The Nicene Creed~ Part 29
In our last post, we continued to explore the Nicene Creed. In this post, we continue to dig into the third article of faith, keeping with the phrase We Look for the Ressurection of the Dead in the Nicene Creed.
We believe in the Holy Spirit, the Lord, the giver of life,
who proceeds from the Father and the Son.
With the Father and the Son, He is worshiped and glorified.
He has spoken through the Prophets.
We believe in one holy catholic and apostolic church.
We acknowledge one baptism for the forgiveness of sins.
We look for the resurrection of the dead,
and the life of the world to come. Amen.
We Look for the Resurrection of the Dead
Questions on the destiny of the individual are closely connected with the looming problems that concern the final things. We have already seen the results of the patristic reflection on this in the previous chapter. In fact, after the description of the end of the universe and history, questions of great anthropological import arise concerning the future and the state of human beings after death. In this regard, the greater part of this section presents how the Fathers viewed the resurrection of the flesh and the immortality of the soul, themes that constitute the center of patristic eschatological  reflection.
As we learned in the last post, faith in the resurrection of the flesh was simply attested and needed no particular explanation. Very soon, however, the renewed cultural circumstances in which the faith was transmitted and the problems deriving from certain deviating doctrinal trends, such as Gnosticism, prompted the Fathers to further investigate this theme, especially from an apologetic point of view.
Deriving from Judaism, millenarianism is traced back in antiquity in the Asiatic milieu to Cerinthus and Papias of Hierapolis in Phrygia, while the key representatives of the Messianic millenarianism appear to be Justin, Irenaeus, and Tertullian, who established this belief on the basis of Revelation 20:4–6. In any case, the importance of millenarianism in ancient Messianic eschatology was not destined to last: very soon Origen would radically criticize this doctrine for the excessive literalism that the millenarists attributed to the passages of Scripture that they quoted. The last set of selections related to this section of the creed is devoted to the doctrinal positions of Origen. In fact, if on the one hand Origen and his teachings were an object of admiration on the part of many, on the other they were a cause of scandal to the Fathers through nearly the entire patristic age. In particular, his conception of the end of the world, namely, the final apokatastasis (“recapitulation”), which suggests the idea of universal salvation and therefore does not admit the eternity of hell and its punishments, was definitively condemned together with other conceptions defined as Origenist by the emperor Justinian in 543. In spite of the contrasting judgments on the figure and the work of Origen, it was impossible to prevent, for instance, the profession of the doctrine of the apokatastasis by other thinkers of antiquity as well, as in the case of Gregory of Nyssa, who interpreted the final apokatastasis as a restoration of the original condition of the creatures, according to which all the creatures, namely, angels, human beings and demons or spirits, will harmonize one day in goodness.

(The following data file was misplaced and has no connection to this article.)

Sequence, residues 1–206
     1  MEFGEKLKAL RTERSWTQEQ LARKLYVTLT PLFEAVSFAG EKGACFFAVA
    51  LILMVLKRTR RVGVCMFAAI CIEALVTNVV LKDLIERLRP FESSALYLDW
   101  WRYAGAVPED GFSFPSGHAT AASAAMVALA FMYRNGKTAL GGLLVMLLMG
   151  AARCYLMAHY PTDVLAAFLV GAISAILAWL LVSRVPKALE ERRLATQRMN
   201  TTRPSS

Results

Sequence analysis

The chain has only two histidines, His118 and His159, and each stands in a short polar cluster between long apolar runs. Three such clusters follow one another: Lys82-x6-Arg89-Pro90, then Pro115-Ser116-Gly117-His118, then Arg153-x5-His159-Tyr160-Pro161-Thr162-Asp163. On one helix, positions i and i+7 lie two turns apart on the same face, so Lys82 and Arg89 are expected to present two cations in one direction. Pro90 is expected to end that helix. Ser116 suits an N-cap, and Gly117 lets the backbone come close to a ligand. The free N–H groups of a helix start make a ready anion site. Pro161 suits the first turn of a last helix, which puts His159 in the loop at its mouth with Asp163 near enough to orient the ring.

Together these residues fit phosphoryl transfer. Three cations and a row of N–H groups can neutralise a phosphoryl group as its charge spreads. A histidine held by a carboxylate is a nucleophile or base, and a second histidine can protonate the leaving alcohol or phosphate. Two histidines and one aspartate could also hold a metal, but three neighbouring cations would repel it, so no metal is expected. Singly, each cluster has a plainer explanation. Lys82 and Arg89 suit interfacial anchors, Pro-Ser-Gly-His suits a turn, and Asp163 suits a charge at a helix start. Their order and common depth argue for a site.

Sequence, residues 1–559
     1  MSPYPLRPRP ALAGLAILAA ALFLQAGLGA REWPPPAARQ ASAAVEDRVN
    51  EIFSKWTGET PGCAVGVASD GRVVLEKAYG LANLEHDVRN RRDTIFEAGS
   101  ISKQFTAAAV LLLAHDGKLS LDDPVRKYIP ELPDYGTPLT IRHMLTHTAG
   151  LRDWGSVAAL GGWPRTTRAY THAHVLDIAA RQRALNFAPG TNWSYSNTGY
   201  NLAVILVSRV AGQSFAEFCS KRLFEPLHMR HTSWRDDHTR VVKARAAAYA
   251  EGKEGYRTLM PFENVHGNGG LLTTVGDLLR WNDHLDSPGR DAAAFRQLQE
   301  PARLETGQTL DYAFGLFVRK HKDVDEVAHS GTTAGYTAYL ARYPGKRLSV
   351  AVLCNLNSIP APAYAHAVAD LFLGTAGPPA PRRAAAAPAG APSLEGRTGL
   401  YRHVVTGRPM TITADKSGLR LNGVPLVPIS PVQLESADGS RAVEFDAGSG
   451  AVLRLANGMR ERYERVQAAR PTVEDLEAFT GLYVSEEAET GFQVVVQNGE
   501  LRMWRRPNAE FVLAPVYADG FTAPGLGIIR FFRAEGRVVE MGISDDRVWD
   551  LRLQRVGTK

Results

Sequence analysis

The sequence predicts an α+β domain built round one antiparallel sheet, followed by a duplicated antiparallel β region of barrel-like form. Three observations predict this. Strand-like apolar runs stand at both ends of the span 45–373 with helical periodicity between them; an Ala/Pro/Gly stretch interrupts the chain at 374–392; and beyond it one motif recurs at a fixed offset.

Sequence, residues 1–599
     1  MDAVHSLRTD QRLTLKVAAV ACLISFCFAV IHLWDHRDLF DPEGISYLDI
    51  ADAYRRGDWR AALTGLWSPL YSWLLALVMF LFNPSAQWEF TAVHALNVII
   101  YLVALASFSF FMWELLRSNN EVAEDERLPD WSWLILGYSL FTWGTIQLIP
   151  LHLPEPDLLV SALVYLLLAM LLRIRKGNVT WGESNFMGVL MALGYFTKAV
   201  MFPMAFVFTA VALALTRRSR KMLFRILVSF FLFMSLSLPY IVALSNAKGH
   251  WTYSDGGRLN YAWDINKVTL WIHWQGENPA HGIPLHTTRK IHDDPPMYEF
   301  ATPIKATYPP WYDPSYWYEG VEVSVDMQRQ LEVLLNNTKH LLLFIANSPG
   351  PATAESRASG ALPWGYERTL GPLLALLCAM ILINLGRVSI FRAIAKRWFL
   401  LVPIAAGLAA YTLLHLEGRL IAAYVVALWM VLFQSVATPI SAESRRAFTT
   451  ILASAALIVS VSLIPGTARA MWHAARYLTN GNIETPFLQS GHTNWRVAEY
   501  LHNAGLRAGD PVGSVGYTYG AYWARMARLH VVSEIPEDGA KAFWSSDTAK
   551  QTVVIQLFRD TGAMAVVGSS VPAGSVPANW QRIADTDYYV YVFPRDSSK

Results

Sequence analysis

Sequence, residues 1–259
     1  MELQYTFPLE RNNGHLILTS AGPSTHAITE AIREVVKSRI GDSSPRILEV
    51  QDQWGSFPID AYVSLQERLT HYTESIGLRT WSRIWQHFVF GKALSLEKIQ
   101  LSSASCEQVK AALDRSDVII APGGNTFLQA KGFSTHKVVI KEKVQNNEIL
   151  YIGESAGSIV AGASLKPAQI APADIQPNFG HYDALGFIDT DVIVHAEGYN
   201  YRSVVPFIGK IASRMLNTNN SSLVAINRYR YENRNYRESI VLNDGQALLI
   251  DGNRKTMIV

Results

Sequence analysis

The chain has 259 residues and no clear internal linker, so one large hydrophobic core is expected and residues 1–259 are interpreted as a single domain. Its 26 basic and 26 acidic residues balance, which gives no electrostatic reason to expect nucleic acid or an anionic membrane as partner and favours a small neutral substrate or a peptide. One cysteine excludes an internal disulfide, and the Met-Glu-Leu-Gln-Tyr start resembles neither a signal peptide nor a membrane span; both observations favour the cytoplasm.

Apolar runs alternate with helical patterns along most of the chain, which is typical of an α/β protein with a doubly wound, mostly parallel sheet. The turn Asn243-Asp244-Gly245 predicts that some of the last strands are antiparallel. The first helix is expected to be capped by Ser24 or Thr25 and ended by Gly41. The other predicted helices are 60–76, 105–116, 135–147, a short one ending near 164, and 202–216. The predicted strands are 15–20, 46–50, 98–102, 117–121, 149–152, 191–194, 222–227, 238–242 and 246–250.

In conclusion, the passages from the Fathers that are gathered in this section bring to light certain problems inherent in any discussion of eschatological questions. In this regard, a modern Messianic eschatology cannot help but take into consideration, or at least examine, these abundant and valuable sources. 
In my next post, we continue to dig into the third article of the Nicene Creed: AND THE LIFE OF THE WORLD TO COME ~ Blessedness and Condemnation
 A branch of theology concerned with the final events in the history of the world of humankind.
 Di Berardino, A., & Oden, T. C. (Eds.). (2010). We Believe in One Holy Catholic and Apostolic Church (Vol. 5, pp. 139–140).